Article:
Prince Harry speaks to 'Good Morning America's' Michael Strahan about his new memoir 'Spare.'
Prince Harry is sharing new details about his fractured relationships with his father King Charles III and brother Prince William, and how his hope for a "reconciliation" has led him to speak out.
"If we can get to the point of reconciliation, that will have a ripple effect across the world," Harry told "Good Morning America" co-anchor Michael Strahan in a new interview about his memoir "Spare." "I genuinely believe that, and that's kind of what is pushing me. And if that doesn't happen, then that's very sad."
"Spare" -- a nod to Harry's birth order as the younger brother of William, heir to the throne -- will be released on Jan. 10, nearly three years to the day that Harry and his wife Meghan, the Duchess of Sussex, shocked the world announcing their plans to "step back" as senior members of Britain's royal family.
Since then, the couple has moved to California, where they now live with their two children, and separated themselves almost completely from royal life, becoming financially independent and pursuing their own careers.
In the wake of their departure, Harry told Strahan he does not believe the details he shares in "Spare" can make things any worse with his family.
"I have thought about it long and hard," Harry said. "And as far as I see it, the divide couldn't be greater before this book."
To the outside world Harry, 38, and William, 40, always appeared close, seemingly bonded by the death of their mother Princess Diana when Harry was just 12 and William was 15.
Harry told Strahan that privately, there was more to the brothers' story. In his memoir, Harry refers to William as his "beloved brother and arch nemesis" and recalls verbal and even physical disputes between them.
"There has always been this competition between us weirdly," Harry said. "Again, I think it really plays into, or is played, by the heir/spare."
When asked whether he thought William was jealous of his position as the spare, Harry said yes.
"But I have more freedom than he does, right?" Harry said. "So his life is planned out for him. I have more flexibility to be able to choose the life that I wanted."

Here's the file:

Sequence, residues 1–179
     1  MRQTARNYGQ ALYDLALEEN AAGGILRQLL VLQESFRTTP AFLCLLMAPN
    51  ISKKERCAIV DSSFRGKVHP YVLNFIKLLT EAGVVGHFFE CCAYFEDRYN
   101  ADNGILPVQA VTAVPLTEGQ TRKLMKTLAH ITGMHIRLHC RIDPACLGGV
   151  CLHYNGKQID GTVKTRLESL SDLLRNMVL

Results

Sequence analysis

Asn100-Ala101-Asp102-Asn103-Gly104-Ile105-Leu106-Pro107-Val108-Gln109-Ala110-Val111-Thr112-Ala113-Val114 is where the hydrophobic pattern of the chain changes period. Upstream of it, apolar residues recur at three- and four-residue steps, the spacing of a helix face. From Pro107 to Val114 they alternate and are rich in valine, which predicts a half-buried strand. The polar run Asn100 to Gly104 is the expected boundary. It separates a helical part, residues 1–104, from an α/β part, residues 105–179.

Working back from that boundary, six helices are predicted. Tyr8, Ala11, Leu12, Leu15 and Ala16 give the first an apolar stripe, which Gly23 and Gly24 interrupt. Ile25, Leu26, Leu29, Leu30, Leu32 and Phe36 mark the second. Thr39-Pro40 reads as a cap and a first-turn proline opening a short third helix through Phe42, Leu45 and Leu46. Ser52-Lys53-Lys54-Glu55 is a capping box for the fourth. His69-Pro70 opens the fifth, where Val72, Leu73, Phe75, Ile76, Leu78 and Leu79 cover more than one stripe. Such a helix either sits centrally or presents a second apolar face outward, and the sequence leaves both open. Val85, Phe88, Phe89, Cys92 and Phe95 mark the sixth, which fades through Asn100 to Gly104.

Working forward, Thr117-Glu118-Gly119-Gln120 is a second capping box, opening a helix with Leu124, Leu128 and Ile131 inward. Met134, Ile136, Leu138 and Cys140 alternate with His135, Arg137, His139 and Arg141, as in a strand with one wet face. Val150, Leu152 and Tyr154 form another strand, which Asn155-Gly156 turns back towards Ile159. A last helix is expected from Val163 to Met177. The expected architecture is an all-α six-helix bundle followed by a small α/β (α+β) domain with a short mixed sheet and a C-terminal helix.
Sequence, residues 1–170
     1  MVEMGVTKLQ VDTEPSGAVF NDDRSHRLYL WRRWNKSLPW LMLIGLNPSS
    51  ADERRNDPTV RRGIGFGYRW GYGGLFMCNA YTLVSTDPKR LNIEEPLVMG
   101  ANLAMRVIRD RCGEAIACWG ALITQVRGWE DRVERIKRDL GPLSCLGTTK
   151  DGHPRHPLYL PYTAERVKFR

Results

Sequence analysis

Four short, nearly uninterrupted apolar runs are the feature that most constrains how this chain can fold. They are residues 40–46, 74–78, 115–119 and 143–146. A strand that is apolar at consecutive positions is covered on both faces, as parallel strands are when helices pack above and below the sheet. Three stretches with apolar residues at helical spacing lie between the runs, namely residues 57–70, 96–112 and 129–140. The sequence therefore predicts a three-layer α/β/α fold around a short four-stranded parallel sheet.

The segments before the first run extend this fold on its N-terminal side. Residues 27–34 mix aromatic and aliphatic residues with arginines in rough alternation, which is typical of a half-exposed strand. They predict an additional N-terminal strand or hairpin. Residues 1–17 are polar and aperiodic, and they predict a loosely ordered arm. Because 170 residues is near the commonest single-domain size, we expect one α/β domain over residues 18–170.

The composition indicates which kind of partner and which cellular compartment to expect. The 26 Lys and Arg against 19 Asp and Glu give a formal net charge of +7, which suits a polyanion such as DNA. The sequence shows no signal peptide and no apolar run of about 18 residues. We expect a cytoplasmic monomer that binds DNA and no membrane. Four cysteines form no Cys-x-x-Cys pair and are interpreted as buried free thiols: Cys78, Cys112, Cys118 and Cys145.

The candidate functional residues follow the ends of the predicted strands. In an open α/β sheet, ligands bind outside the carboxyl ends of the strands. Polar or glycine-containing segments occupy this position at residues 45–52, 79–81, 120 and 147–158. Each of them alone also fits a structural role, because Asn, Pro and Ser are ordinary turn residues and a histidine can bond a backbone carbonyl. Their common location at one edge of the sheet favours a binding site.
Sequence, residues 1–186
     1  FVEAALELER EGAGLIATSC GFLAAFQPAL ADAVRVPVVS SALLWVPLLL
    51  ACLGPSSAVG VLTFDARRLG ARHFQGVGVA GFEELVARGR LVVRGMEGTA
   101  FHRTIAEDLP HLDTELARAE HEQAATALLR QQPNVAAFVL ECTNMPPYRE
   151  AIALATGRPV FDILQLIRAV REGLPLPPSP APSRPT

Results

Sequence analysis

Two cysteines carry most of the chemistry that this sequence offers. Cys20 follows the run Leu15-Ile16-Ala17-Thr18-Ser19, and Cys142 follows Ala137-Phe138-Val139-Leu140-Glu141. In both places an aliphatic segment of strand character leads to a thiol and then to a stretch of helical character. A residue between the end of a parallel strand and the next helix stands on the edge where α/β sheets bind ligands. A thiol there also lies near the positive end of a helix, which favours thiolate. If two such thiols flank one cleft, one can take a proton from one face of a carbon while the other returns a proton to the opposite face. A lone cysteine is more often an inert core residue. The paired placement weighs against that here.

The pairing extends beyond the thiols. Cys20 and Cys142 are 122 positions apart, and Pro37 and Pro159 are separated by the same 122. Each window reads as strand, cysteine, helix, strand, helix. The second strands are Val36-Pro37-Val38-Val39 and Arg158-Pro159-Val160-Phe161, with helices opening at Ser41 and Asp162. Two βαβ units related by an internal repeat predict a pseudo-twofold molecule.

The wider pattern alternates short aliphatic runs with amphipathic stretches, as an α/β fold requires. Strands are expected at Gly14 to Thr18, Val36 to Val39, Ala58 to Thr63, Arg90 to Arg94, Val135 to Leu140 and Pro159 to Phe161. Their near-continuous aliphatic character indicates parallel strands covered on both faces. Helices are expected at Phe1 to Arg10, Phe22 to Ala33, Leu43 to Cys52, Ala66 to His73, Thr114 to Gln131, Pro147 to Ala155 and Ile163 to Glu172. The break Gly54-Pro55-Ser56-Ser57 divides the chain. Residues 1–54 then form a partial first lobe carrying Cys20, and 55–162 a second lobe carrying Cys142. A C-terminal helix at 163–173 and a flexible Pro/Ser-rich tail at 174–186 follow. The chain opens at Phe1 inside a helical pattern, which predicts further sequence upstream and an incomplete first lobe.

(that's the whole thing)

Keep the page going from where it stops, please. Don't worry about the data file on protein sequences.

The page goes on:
Harry said that while the typical path for the spare is to sit "in the monarch's shadow," he wanted to carve a different path.
As Harry moved further down that path and eventually married Meghan, he claims William broke a longstanding "pact" between the brothers to not let their offices fight or brief the press against each other.
In "Spare," Harry claims members of the royal institution fed stories to the press and refused to set the record straight on false reports, especially about Meghan, thereby shifting the negative spotlight on her in order to protect other royals.
"The people that he employed broke that," Harry said of his self-described pact with William. "But again, within the family, it's hard because you are led to believe that if you don't play the game, that you will be destroyed. And again, I'm the one who's proving that that is true, right? Chose not to play the game, but they're trying to destroy me."
In one example, Harry claims palace officials failed to correct tabloid stories alleging Meghan made William's wife Kate, the Princess of Wales, cry in the run-up to the Sussexes' 2018 wedding. Harry writes in "Spare," and Meghan has said in a previous interview, that it was Kate who upset Meghan and later apologized.
"[The press] pitched the Waleses, which Kate and William are now, against the Sussexes, me and my wife. They always pitched us against each other," Harry said. "They pitched Kate and Meghan against each other."
When asked whether press reports of Kate and Meghan fighting disrupted the women's relationship, Harry replied, "Without question."
"If you read [the press coverage], it very much feeds into how you function, operate, and behave. Without question," Harry said. "But the moment you don't read it, you can live a truly authentic life."
Harry said he believes the British press continues to try to "drive a wedge" between him and William, but hopes that he can reconcile with his brother.
"I hope that we will be joined at the hip again," he said. "Because, you know, if there's something that will terrify the British press more than anything, it's William and I being aligned."
Harry said he "without question" shoulders some of the responsibility for the breakdown of his relationship with William. But he added, "What people don't know is the efforts that I've gone to [in order] to resolve this privately, both with my brother and with my father."
Neither Kensington Palace -- William and Kate's office -- nor Buckingham Palace, the office of Charles and Camilla, the Queen Consort, have commented on the claims Harry makes in "Spare."
ABC News reached out to Kensington Palace and Buckingham palace for response to Harry's remarks in our interview. Kensington Palace declined to comment.
ABC News received a response from the law firm representing Buckingham Palace Monday saying that the palace needed to "consider exactly what is said in the interview and the context in which it appears," and asked that we supply them immediately with a copy of the entire interview. We do not do that as a news organization as a matter of policy.
According to Harry, intense press coverage and security concerns played a large part in his and Meghan's quest to carve out different royal roles for themselves that would allow them to split their time between Canada and the U.K. while still serving the monarchy.
When the proposal was brought to the royal family, Harry said there was "zero compromise." He added that an agreed-upon 12-month transition period completely fell apart when his own family's security was pulled.
"I was stunned that my family would allow security to be taken away, especially at the most vulnerable point for us," said Harry, who was living with Meghan and their son Archie in Vancouver Island, Canada, at the time. "And maybe they didn't understand the concerns that I had. I mean, I listed them. I laid them out."